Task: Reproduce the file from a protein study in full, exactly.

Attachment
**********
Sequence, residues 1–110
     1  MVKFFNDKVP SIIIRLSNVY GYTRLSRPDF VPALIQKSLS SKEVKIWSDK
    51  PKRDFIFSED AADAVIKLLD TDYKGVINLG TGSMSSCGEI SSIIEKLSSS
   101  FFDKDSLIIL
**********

Sequence, residues 1–110
     1  MVKFFNDKVP SIIIRLSNVY GYTRLSRPDF VPALIQKSLS SKEVKIWSDK
    51  PKRDFIFSED AADAVIKLLD TDYKGVINLG TGSMSSCGEI SSIIEKLSSS
   101  FFDKDSLIIL